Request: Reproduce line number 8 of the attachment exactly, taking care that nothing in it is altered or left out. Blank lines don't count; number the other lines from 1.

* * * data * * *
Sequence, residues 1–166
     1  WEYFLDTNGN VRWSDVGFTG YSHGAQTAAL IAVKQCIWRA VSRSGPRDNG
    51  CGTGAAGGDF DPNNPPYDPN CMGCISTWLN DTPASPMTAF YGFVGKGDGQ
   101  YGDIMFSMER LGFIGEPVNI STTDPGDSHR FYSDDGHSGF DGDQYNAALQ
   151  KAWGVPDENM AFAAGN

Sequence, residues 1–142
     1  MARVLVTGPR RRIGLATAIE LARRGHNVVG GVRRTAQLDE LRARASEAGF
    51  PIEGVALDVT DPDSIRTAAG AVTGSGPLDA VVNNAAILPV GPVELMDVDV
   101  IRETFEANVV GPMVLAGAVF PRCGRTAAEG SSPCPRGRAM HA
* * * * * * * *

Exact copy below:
    51  PIEGVALDVT DPDSIRTAAG AVTGSGPLDA VVNNAAILPV GPVELMDVDV